Published in Mizzima Business Weekly on 22 May 2014
Amine Zlaoui and Raouf Baccouche spent last year’s Thingyan break travelling across Myanmar and during a particularly pleasant evening in Bagan, the Tunisian duo hit on an idea: to open Yangon’s first tapas bar.
“We were having a few nice bottles of wine and suddenly we said, ‘You know what, let’s start a business together,’” Mr Zlaoui told Mizzima Business Weekly.
Almost exactly a year later, The Lab Wine and Tapas Bar flung open its doors to the public. A couple of hundred patrons poured into the medium-sized venue and its bar staff should be commended for somehow managing to keep up with the demand to pour them all a drink.
It’s even more impressive considering that The Lab’s service staff were recruited just 10 days before its opening on April 25.
“I know it’s quite hard to find skilled staff so I was stressed – but we were lucky,” Mr Zlaoui said.
Whilst it’s still early days, both managing directors are unanimously confident that their staff are a cut above the rest among the hospitality industry. Each of the 12 employees were headhunted following some strong recommendations from their contractor and executive chef – who also happen to be brothers-in-law. Executive chef Thura (who also goes by Tom) spent 12 years working in kitchens in London and is no stranger to international cuisines. Other candidates were put forward by The Lab’s operations manager, who spent three years in Dubai and is now working alongside several of his former colleagues.
“Most of our staff spent many years working abroad,” Mr Zlaoui said.
Converting the former garments shop into a stylish night venue also went without a hitch, despite the fact that a kitchen, bathroom and water tank needed to be installed, a wall demolished and its drag white walls made over. The brick walls, chairs, tables and light fixtures are custom made, and made in Myanmar.
“Renovations were finished in just six weeks because our contractor is excellent,” Mr Baccouche said.
“Setting up any business in Myanmar isn’t easy – but as you can see it’s possible. In actual fact, our biggest problems weren’t related to Myanmar itself. It was the administrative side of things that took a lot of time. We’d had no advice about how to set up a company,” he added.
However the pair, who were raised in Tunis and have known each other since they were 15 and also later studied together in Toulouse, France, share a strong vision of what they’re offering their clientele: something that can’t be found elsewhere in Yangon – an authentic tapas experience with an international component.
“Tapas isn’t a Spanish concept – it’s a Spanish word. The idea of bite-sized foods with a nice glass of wine also exists in Tunisia and other parts of Northern Africa, as well as France and the Middle East. But it’s known by a different name, such as mezze in the Middle East or kamia in Tunisia,” Mr Zlaoui said.
Tapas is well known for encouraging conversation, as diners may stand while sharing plates and aren’t focused on consuming an entire meal placed before them.
“Sharing is caring,” Mr Baccouche said with a laugh.
Needless to say, The Lab’s tapas selection, which at 26 items should please any palate, isn’t limited to Spanish cuisine alone. It also features scrumptious samples of North African fare, such as Mechouia salad with tuna chunks (K3,500), Middle Eastern classics such as falafel (K3,500), houmous (K,3000) and baba ghannouch (K3,000), as well as European, Asian and American.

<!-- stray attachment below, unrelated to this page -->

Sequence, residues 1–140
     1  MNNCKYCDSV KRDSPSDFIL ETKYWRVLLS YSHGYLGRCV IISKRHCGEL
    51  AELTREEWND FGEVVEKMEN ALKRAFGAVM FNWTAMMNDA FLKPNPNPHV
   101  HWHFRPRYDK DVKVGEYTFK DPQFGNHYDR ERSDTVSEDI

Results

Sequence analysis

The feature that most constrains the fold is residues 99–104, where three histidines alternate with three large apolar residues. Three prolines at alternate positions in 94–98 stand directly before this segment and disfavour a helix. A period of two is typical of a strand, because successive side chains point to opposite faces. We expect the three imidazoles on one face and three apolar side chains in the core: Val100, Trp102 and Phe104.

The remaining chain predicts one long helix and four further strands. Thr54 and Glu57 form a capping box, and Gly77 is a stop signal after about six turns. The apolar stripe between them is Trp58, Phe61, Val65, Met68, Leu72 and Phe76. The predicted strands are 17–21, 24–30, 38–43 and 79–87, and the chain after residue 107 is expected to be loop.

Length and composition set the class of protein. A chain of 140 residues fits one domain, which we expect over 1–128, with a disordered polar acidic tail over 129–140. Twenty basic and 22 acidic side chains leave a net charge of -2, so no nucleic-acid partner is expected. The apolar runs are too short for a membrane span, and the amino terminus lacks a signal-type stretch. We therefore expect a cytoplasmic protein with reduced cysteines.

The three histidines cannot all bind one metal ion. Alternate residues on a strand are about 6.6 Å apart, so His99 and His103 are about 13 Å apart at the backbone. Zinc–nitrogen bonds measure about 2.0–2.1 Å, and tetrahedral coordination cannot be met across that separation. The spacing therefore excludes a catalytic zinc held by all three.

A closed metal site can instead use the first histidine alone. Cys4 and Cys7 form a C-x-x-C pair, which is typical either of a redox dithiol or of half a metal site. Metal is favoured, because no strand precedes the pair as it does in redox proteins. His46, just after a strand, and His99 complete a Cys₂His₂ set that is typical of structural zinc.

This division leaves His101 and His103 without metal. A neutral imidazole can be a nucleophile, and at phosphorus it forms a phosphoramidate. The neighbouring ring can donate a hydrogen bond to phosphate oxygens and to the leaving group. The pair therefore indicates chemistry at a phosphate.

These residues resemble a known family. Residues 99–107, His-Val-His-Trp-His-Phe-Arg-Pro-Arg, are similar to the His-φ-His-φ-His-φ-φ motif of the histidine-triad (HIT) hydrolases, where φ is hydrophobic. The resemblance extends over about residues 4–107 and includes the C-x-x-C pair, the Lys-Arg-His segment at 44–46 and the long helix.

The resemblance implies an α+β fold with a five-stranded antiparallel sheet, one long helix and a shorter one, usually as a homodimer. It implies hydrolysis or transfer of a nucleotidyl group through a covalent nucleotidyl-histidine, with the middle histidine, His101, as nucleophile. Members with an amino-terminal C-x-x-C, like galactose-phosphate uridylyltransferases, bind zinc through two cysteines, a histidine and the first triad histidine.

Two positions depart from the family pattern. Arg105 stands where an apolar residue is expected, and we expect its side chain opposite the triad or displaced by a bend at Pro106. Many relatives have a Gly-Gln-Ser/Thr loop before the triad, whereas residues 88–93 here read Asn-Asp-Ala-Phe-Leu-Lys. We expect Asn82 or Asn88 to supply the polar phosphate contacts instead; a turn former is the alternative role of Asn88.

“Yangon has virtually nothing in the way of Middle Eastern food, so we really wanted to bring that here,” said Mr Baccouche.
Ditto for the music, which are Middles Eastern and African beats. There are also plans in the works to have a Burmese guitarist play acoustic sets from 6.30pm during the week, and further down the track, on weekends as well.
For the foreseeable future, The Lab is only open for dinner – from 5.30pm until late.
“Firstly, I don’t believe in tapas for lunch. And I don’t think it would be worth it because The Lab is in a busy area and parking is difficult. So for now we’re focusing on nights. But if operations run smoothly we could do a Sunday brunch. I’d really like to be able to do that,” Mr Zlaoui said.
The only compromise made on classic tapas dining is not displaying every item on a platter for customers to peruse – a decision made necessary for financial reasons. Almost all The Lab’s produce is sourced locally and arrives fresh every day from the markets, whether it be the squid, shrimp, pork, beef, chicken or veggies. The cold cuts – Italian prosciutto and salami – are imported, as is salmon and tahini, as no other alternative yet exists. Fine cheeses will be added to the menu in around a month’s time, and the entire menu will change as regularly as the seasons.
The Lab is closed Mondays, but on the other six days of the week there’s a two-for-one happy hour for cocktails from 5.30pm until 7:30pm. Its wine selection includes 14 standard wines, seven of which are offered by the glass, plus two of the sparkling variety, the latter of which are produced using the champagne method of double fermentation (K28,000). There’s even champagne itself: a bottle of the best bubbly will set you back K80,000 or 90,000.
Something emphasised above all else is that The Lab aims to provide a new experience – not just during the first visit, but continuously. Its logo has more than a passing resemblance to laboratory equipment sketched in the shape of a wine bottle, and the branding is deliberate.
“Our concept is new and people have responded well to it, which is great,” Mr Baccouche said with a grin.
The Lab is at 70/A Shwe Gon Daing Road, Bahan Township, Yangon.
For bookings, call 09250018200 or 09250537979
For more information, visit The Lab’s Facebook page